Weekly Market Pulse - Week ending February 17, 2023
Equities: The U.S. market ended the week lower as higher than expected inflation data led to hawkish comments by Federal Reserve officials. The S&P 500 was down ~-0.3% after falling as much as 1% but was then lifted by consumer staples and utility stocks. The Nasdaq finished the week +0.4% as tech continues its strong year even as interest rates rise. Investors are closely watching the Fed comments on rates and are now estimating a ~5.3% peak rate later this year, compared to 4.9% two weeks ago.
Fixed income: The U.S.10yr finished the week up 8bps to 3.81% as investors now expect interest rates to have a higher peak and stay higher for longer. We heard from Fed Reserve Bank of Cleveland President Loretta Mester who said she saw a compelling case for another 50bps hike and James Bullard said he would not rule out supporting a 50bps hike in March. It’s been a difficult couple of weeks for Fixed Income investors as high inflation and a strong labour market are forcing a more hawkish view from the Fed.
Commodities: Oil fell this week, down -4.3% to $76.32 as hawkish signals from the Feb added to concerns of supply chain build up. Crude has had a volatile start to the year as the positive tailwind of China’s reopening is battling against the US economy that may potentially enter a recession.
Performance (price return)
As of February 17, 2023
Canada – No notable releases
No notable releases this week
U.S. – CPI came in above market expectations at 6.5%, PPI increased more than expected and retail sales jumped 3% MoM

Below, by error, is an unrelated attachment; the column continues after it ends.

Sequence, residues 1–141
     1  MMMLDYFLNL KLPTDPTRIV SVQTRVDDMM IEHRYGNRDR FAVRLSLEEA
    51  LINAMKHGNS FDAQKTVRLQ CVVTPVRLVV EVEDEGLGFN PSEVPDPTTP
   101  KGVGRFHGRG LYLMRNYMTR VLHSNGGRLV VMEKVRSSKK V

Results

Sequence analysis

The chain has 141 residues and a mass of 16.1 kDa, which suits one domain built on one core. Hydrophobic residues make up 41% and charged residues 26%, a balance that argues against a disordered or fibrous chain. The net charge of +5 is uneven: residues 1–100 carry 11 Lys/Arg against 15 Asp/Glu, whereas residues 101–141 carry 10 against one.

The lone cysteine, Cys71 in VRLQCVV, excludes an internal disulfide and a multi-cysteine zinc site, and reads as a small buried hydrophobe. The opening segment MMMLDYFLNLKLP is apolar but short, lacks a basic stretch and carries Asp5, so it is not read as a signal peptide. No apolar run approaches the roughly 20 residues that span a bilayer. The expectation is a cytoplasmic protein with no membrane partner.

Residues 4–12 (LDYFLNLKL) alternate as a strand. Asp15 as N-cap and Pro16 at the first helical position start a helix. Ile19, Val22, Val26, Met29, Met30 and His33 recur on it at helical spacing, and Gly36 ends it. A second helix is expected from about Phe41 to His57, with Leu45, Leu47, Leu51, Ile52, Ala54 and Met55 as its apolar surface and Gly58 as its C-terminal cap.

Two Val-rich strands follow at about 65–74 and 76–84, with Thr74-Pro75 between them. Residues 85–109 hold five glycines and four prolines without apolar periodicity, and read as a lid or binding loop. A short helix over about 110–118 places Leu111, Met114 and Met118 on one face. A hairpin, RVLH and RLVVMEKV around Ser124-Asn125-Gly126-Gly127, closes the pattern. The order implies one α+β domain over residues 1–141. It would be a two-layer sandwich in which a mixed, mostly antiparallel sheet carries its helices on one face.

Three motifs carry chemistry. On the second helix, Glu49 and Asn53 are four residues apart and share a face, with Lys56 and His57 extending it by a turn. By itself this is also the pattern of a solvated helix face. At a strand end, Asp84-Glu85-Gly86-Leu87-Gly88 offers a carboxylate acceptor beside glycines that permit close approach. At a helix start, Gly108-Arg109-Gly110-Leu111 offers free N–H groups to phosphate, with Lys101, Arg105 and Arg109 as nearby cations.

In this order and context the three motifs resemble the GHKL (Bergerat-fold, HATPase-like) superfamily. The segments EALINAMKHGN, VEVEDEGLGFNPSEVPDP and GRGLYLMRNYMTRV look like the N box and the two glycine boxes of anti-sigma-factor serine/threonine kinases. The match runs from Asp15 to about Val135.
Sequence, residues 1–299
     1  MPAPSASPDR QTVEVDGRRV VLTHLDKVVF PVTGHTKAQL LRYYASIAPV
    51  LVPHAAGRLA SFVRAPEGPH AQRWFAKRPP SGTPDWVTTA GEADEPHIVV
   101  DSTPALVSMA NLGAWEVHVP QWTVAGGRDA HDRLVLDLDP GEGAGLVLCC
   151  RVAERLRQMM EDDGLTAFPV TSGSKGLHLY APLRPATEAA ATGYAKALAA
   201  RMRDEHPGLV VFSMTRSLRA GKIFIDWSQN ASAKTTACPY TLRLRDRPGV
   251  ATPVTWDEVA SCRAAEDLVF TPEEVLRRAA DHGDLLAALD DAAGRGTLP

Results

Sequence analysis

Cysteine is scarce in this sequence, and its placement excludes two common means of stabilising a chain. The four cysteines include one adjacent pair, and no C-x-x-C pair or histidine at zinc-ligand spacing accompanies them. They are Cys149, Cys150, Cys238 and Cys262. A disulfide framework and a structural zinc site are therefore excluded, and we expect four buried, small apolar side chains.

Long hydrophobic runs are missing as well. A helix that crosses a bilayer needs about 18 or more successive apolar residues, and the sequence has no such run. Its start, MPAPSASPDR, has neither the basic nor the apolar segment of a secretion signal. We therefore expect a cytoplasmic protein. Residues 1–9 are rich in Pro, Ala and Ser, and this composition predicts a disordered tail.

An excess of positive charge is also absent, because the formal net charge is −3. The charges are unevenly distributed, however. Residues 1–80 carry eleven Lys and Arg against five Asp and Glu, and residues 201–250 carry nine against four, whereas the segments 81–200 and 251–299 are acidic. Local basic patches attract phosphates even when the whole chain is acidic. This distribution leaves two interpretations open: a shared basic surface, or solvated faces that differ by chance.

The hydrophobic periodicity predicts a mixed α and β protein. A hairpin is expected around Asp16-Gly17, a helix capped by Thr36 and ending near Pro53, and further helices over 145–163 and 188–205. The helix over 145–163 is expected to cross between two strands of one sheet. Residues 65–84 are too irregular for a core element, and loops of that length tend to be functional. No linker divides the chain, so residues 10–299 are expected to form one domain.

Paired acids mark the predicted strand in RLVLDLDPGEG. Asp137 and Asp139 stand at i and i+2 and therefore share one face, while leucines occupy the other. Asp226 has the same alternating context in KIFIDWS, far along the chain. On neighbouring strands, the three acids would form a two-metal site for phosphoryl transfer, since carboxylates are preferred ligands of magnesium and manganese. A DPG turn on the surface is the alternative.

U.S. CPI slowed to 6.4% in January, down from 6.5% in December but ahead of market expectations of 6.2%. This was the lowest reading since October 2021, with food cost up 10.1% and energy up 8.7%. Although we are seeing signs of inflation slowing, we’re still well above the Fed’s target of 2%. PPI for final demand increased 0.7% MoM in January, the most in seven months and above market forecasts of 0.4%.
Retail sales jumped 3% MoM in January, the largest increase since March 2021 and well above the market forecasts of 1.8%. The biggest increases were seen in sales at department stores, food services & drinking places and motor vehicles and parts. The data shows that the U.S. consumer has been resilient as a strong labour market and wage growth have helped consumers overcome higher prices..
International – Eurozone GDP expanded by 0.1%, U.K inflation fell to 10.1% in January, Japan’s economy expanded by 0.2% in Q4
Eurozone quarterly GDP expanded by a 0.1% in the fourth quarter of 2022, down from the 0.3% expansion in Q3. They did avoid a contraction at the end of the year, even as inflation and rising borrowing costs impacted domestic demand. On an annual basis, growth slowed to 1.9% during the fourth quarter, the lowest level of expansion since 2020/2021.
U.K inflation fell to 10.1% in January, down from 10.5% a month ago and below market expectations of 10.3%. this the third consecutive month where inflation fell, and January was the lowest number since September 2022. On an annual basis CPI fell 0.6%, the first decline in a year and the biggest since January 2019.
Japan grew by 0.2% QoQ in the fourth quarter of 2022, reversing from the -0.3% we saw in the third quarter, but fell short of market expectations of +0.5%. Private consumption picked up, even as headwinds from higher living costs persisted. For the full year, the economy grew by 1.1% in 2022, slowing from 2.1% in 2021.
Quick look ahead
As of February 17, 2023